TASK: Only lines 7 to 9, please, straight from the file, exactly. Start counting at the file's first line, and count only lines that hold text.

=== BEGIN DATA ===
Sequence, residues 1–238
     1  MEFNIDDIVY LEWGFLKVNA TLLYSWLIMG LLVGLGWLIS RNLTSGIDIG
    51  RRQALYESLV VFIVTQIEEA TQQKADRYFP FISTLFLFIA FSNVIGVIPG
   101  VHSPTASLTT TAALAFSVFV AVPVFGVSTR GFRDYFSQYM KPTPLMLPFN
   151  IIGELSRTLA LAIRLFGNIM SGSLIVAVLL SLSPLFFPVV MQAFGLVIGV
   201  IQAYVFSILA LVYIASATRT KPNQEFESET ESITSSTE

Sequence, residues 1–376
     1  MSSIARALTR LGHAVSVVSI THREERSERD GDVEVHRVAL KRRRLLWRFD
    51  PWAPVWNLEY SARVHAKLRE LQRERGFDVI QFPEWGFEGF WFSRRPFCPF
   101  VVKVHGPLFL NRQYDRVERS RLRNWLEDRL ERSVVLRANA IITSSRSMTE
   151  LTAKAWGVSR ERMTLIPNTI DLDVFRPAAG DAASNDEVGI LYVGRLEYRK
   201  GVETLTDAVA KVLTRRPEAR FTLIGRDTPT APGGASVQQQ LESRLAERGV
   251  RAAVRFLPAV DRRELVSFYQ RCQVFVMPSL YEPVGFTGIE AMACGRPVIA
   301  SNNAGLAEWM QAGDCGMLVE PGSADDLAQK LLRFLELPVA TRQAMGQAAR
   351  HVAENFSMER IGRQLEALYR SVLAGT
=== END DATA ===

Sequence, residues 1–376
     1  MSSIARALTR LGHAVSVVSI THREERSERD GDVEVHRVAL KRRRLLWRFD
    51  PWAPVWNLEY SARVHAKLRE LQRERGFDVI QFPEWGFEGF WFSRRPFCPF